Symantec Corporation, whose anti-spam and antivirus protection products offer security for inbound and outbound computer messaging, issues periodic Internet Security Threat Reports to help organizations implement effective security measures so as to better protect and manage their information. One recent Threat Report noted that there were 11,253 XSS vulnerabilities during the second half of 2007, as opposed to only 2,134 non-XSS vulnerabilities. The vast majority of these XSS vulnerabilities were site-specific, in that they were custom built for a particular target.CVE® (Common Vulnerabilities and Exposures) is a dictionary of publicly known information, security vulnerabilities, and exposures.

CVE’s common identifiers enable data exchange between security products and provide a baseline index point for evaluating coverage of tools and services. The CVE Initiative’s May 2007 Report on Vulnerability Type Distributions listed XSS Number One overall, findings that were endorsed by OWASP in their Top Ten 2007 list.

Some very large websites that have been hit by XSS include Google, Yahoo, MySpace, Facebook, PayPal, SourceForge, and Microsoft. In his December 20, 2008 article in The Register, reporter Dan Goodin described two recent XSS attacks against financial giant American Express. “The website for American Express has once again been bitten by security bugs that could expose its considerable base of customers to attacks that steal their login credentials,” he wrote. “The notice comes days after The Register reported Amex unnecessarily put its users at risk by failing to fix a glaring vulnerability more than two weeks after a security research first alerted company employees to the problem. An Amex spokesman later said the hole had been plugged.”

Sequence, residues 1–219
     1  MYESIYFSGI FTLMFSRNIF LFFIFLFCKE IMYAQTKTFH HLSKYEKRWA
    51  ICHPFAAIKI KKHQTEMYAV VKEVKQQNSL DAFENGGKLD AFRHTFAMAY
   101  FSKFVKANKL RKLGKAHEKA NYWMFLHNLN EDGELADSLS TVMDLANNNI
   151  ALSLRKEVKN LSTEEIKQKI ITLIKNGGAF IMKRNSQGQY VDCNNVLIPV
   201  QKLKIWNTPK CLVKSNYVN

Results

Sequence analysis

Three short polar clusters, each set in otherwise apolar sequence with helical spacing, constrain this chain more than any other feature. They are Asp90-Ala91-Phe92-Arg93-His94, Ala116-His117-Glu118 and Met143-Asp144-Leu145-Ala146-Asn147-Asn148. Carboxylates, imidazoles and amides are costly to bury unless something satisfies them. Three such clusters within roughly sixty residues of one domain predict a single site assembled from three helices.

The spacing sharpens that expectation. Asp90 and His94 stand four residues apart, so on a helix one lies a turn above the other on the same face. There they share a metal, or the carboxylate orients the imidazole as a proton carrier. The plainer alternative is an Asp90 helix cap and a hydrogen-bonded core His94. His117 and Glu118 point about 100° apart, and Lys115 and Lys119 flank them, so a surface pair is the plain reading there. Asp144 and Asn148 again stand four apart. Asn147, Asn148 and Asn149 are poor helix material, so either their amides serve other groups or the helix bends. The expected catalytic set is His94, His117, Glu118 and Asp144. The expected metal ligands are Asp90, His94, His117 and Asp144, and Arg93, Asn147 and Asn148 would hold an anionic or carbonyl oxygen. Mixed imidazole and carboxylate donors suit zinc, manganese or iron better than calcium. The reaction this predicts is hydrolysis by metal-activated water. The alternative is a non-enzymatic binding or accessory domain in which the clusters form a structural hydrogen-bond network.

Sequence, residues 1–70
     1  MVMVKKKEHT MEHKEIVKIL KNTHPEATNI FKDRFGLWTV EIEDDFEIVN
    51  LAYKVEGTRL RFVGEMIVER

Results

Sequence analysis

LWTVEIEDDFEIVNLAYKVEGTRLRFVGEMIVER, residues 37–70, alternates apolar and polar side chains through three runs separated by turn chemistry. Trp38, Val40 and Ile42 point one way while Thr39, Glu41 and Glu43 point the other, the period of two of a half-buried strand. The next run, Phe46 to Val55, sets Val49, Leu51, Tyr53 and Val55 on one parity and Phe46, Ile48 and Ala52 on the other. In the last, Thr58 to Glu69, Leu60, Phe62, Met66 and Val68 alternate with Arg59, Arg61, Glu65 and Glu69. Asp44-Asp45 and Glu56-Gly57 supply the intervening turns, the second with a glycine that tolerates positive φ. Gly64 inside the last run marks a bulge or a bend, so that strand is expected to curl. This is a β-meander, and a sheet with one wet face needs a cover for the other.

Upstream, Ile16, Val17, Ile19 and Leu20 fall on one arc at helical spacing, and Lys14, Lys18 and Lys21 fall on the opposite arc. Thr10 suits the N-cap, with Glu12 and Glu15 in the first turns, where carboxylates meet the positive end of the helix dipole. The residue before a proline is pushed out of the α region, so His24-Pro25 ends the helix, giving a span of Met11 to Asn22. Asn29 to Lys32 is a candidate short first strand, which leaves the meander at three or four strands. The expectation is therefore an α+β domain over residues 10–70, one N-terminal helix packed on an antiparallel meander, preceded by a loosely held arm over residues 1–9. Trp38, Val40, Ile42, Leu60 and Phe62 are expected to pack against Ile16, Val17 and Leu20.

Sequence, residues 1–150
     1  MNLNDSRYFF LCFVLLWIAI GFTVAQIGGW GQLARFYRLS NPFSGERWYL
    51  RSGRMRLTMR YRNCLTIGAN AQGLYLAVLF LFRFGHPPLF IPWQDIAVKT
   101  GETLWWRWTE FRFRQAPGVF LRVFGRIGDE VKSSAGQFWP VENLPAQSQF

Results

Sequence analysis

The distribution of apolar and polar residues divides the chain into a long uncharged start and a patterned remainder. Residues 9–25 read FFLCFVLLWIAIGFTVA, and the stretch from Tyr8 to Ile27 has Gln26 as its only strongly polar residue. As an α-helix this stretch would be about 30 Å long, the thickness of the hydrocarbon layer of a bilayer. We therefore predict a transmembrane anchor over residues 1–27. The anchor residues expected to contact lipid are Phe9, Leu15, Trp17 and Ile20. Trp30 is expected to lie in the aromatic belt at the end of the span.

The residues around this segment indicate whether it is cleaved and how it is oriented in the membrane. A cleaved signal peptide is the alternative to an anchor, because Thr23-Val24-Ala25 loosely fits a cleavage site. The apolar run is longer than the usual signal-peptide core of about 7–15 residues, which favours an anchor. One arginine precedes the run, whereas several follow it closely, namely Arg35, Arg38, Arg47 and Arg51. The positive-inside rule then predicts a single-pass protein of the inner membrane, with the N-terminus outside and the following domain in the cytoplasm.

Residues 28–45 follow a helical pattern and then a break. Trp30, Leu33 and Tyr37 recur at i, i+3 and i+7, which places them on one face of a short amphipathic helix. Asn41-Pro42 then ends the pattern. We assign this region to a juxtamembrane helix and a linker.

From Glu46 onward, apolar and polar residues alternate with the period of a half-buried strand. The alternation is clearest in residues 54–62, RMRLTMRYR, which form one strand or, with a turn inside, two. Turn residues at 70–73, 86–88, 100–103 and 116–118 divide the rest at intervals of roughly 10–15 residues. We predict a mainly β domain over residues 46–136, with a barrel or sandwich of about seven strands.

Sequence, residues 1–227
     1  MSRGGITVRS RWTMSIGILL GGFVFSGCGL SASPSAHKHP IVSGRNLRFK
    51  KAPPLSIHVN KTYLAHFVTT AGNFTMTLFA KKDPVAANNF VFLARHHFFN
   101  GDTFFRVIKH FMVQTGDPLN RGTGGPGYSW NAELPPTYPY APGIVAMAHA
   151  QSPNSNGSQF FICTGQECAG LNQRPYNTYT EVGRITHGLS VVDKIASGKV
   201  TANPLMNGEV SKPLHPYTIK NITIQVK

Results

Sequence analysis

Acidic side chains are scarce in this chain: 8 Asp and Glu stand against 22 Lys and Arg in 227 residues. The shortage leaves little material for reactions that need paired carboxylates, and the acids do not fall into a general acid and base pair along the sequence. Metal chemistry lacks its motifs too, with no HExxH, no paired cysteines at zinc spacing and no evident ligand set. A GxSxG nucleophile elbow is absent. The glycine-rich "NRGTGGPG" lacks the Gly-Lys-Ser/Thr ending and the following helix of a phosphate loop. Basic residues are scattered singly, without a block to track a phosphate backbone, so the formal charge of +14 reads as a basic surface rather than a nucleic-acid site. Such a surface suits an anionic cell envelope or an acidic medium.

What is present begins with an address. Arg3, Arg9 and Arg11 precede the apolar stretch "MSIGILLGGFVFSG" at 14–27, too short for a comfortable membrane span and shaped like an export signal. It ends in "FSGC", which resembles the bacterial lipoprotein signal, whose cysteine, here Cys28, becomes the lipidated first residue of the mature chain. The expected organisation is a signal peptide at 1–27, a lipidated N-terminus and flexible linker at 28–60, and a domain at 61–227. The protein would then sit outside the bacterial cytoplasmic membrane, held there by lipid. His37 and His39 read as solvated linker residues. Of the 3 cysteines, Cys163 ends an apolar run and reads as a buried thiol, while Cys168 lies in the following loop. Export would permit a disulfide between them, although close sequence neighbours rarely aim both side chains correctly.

Goodin continued, “It turns out that’s not the case. The XSS error that makes it trivial for attackers to steal www.americanexpress.com users’ authentication cookies is alive and kicking. The confusion stems from a mistake made by many application developers who incorrectly assume that the root cause of a vulnerability is closed as soon as a particular exploit no longer works.”

Joshua Abraham, Rapid7 Security Consultant, commented on Amex’s attempted fix. “They did not address the problem,” he said. “They addressed an instance of the problem. You want to look at the whole application and say, ‘Where could similar issues exist?’”

The XSS threat has become so widespread that there is now a website – www.xssed.com – dedicated to providing the latest information on XSS vulnerabilities. It includes news articles and tutorials, as well as an archive of known XSS vulnerable websites.

Other Sections Available in the Full Download

  • Reflective and Persistent Cross-Site Scripting Attacks
  • DOM-Based Cross-Site Scripting Attacks
  • The Difficulty of Preventing XSS
  • Rapid7 Nexpose – The only Product That Addresses ALL Types of Cross-Site Scripting Attacks
  • Next Steps